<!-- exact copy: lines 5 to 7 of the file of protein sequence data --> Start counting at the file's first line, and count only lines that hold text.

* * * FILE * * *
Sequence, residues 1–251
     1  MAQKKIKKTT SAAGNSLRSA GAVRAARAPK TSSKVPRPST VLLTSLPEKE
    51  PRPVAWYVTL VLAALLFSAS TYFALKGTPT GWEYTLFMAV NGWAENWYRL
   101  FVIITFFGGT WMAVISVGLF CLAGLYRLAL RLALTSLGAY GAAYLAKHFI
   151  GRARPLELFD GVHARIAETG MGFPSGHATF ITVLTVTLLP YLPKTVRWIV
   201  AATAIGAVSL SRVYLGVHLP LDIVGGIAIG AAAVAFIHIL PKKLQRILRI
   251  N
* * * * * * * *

   151  GRARPLELFD GVHARIAETG MGFPSGHATF ITVLTVTLLP YLPKTVRWIV
   201  AATAIGAVSL SRVYLGVHLP LDIVGGIAIG AAAVAFIHIL PKKLQRILRI
   251  N